• You may have an “evangelist” like Reese who would take every opportunity to tell his unsaved grandma about Jesus.

When we help children discover and use their gifts, they will not only build up the body of Christ, but will feel fulfilled in doing so.

One of the key findings of the Hemorrhaging Faith study was that young adults who stayed in the church often had opportunities to use their gifts and abilities in the church when they were younger (see the Four Ways to Help Youth Stick with Their Christian Faith blog for more results of the study called Hemorrhaging Faith: Why and When Canadian Young Adults are Leaving, Staying and Returning to the Church).

4. Develop Ministry Skills

When I was a children’s pastor, we started a summer program called Camp Wannabe. I encouraged the 11 and 12-year-olds to apply to be Junior Counsellors. Those who were accepted could attend a one-week Counsellor Training Camp. During the mornings, they learned about theology, apologetics, and ministry skills. In the afternoon, we did fun, team-building activities. The kids left counsellor training as official Camp Wannabe Junior Counsellors. Every Sunday, they helped me run the Camp Wannabe program for the younger kids.

It was intriguing to see what happened the next summer. Those who turned 13 wanted to keep on serving, so I created a new category of Intermediate Counsellors and then Senior Counsellors a few years later. Some summers, I actually had too many volunteers!

Those pre-teens and teens had learned that they could serve—they realized they had an important role to play in the church. One of the key benefits of mobilizing children to serve is that we build a team of future adult volunteers (see the Ten Long-Term Strategies for Recruiting Volunteers blog for a description of this and other long-term strategies for recruiting volunteers).

5. Launch Them into Ministry

I would encourage all of us to constantly look for ways to invite children to serve. Within the church, we can ask children to help in a Sunday School class, usher, welcome people, help with office work, participate in a children's choir/drama, clean the church/parking lot, be big buddies for younger children, serve in the worship team, help in the nursery, and… you get the idea.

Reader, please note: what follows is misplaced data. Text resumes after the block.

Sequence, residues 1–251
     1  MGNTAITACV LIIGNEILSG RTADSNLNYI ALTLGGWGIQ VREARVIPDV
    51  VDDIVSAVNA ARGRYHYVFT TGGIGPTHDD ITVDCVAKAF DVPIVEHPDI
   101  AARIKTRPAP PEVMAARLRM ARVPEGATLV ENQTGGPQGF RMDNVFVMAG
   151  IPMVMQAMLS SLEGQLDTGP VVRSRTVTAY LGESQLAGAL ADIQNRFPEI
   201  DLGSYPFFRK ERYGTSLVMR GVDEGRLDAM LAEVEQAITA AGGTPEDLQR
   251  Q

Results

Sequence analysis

Within the community, children can help provide meals for the homeless, clean up garbage, repair or paint a playground, pull weeds in public areas, sort through donations for a community agency, assist with church-run kid’s programs, paint over graffiti, or visit people in a seniors’ home.  

Of course, the world is bigger than our church and community. How can we help children have a global impact? Encourage them to pray and care for missionaries. Sponsor a child through an organization like Compassion. Go on a family or church missions trip. Befriend a newcomer to your country. Participate in a Homestay program. There are many ways that we can help children develop a heart for the world.  

Mobilizing children into ministry is not just a good idea; it’s absolutely essential for the health and vitality of the church, both today and in the future.

Randy Wollf is the Director of MinistryLift and Associate Professor of Practical Theology and Leadership Studies at MB Seminary.